We’ve asked members of the Getty community to share short reflections on works of art they’re thinking about right now. These recordings feature stories related to our daily lives.
This week, Johnny Tran relates deeply to the joy of a family gathered around the dinner table and considers the importance of beautiful public housing to Black Angelenos in the 1940s. He discusses a photograph of architect Paul R. Williams’s Pueblo del Rio project from Leonard Nadel’s unpublished book Pueblo Del Rio: A Study of a Planned Community. To learn more about this photograph, visit: rosettaapp.getty.edu/delivery/Deliv…s_pid=FL218644.
Over the next few weeks, look for new recordings every other Tuesday.
JAMES CUNO: Hi, I’m Jim Cuno, president of the J. Paul Getty Trust. In a new podcast feature, we’re asking members of the Getty community to share short reflections on works of art they’re thinking about right now. We’ll be releasing new recordings every other Tuesday. I hope you’ll find these stories about our daily lives—from laundry on the line to a dog at a scholar’s feet—thought provoking, illuminating, and entertaining.
JOHNNY TRAN: Hi I’m Johnny Tran from the curatorial department of the Getty Research Institute.
Due to COVID-19, I decided to move back to my childhood home, in Anaheim, California to be with my parents and sister. And moving back I realized just how lucky I was to have the option of going back home to be with family in these difficult times. That’s something my immigrant parents didn’t really have a chance to do, and it got me thinking about what makes a home a home.
I work primarily with our architecture and design collections. And in these recent months, I find myself coming back to this unpublished book that we have in the archives called Pueblo Del Rio: A Study of a Planned Community. There are stunning photographs in this book, but there is one in particular, of a woman named Bessie Samuel and her family and that just pulls me back every time.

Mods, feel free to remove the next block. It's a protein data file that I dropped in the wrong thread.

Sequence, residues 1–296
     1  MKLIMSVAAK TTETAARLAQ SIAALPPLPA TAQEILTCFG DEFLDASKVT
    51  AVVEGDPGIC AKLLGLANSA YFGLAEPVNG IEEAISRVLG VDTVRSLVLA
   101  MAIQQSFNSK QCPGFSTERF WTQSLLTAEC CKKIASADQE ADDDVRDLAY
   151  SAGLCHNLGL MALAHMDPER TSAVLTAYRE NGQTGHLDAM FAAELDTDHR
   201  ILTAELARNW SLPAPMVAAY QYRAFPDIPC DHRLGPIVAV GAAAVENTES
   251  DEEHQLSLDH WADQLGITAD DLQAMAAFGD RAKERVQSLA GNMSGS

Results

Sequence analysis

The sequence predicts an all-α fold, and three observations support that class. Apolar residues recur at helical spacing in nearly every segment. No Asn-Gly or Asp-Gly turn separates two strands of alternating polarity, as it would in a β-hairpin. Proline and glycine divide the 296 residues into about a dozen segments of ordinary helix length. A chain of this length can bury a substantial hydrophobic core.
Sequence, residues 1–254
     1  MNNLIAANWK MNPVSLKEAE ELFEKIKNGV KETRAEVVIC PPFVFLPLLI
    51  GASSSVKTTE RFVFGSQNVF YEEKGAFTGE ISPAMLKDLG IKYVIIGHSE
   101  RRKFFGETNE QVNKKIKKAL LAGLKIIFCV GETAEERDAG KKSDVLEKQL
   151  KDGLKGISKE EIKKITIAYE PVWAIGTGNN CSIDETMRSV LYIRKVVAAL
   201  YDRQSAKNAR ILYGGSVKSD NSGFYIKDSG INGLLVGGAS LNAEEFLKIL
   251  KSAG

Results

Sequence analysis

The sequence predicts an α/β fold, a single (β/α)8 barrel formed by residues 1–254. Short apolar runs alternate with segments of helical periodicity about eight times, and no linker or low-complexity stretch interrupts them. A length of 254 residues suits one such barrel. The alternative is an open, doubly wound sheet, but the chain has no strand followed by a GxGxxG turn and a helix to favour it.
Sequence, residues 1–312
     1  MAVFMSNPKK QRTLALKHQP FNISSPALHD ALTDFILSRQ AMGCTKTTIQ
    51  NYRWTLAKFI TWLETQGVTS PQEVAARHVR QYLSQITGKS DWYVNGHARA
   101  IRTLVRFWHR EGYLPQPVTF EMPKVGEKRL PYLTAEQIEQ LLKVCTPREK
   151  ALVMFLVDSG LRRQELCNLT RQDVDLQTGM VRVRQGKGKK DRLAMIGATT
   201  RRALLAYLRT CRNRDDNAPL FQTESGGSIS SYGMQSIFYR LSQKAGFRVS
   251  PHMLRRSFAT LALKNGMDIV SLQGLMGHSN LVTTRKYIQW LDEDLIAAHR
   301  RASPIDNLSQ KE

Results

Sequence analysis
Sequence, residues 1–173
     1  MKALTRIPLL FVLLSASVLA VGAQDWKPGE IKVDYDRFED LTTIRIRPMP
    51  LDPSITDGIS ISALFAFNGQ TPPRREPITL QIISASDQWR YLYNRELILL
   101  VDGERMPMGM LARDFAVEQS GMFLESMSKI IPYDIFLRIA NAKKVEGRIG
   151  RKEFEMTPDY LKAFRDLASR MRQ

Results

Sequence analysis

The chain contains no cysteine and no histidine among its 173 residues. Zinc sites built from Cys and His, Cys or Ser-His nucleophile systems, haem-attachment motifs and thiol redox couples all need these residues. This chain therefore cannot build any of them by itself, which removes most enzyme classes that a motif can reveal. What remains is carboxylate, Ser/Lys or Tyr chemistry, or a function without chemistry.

It’s an image of a Black family sharing a meal in their new modern kitchen. It’s an sort of everyday sort of scene. However, for the Samuel family, it takes a lot of effort to get to this moment.
The Samuels called Pueblo del Rio their home. It’s a public housing project in the South Central area of Los Angeles, and the designs were led by actually the most renowned African American architect, Paul Williams. Built in the early 1940s, it was primarily for African American defense workers. This was a time when LA was highly segregated, there are very few housing options available, particularly for people of color.
By the late 1940s Leonard Nadel, an American photographer, was hired to document the public housing projects like Pueblo Del Rio. You see Nadel’s skill and not only documenting the really beautiful functional modernist design of the house. But you see the everyday life, the people who live in these buildings, like the Samuel family.
It makes me appreciate the steps that my parents took to have a home, and these little family moments that I get to have with them. Like every night when we have dinner.
It also makes me realize just how far we still have to go and the enormous changes and challenges we face to provide housing for underserved communities. Pueblo del Rio was a positive step forward, and I realize it takes community engagement and government action to achieve this.
I love this quote that Nadel ends the book with, from Franklin Roosevelt: “We have accepted a second bill of rights under which a new basis of security and prosperity can be established for all. Regardless of station, race, or creed. Among these are the right of every American for a decent home.”
CUNO: To view Leonard Nadel’s photographs of Paul R. William’s Pueblo del Rio from the late 1940s, click the link in this episode’s description or look for it on primo.getty.edu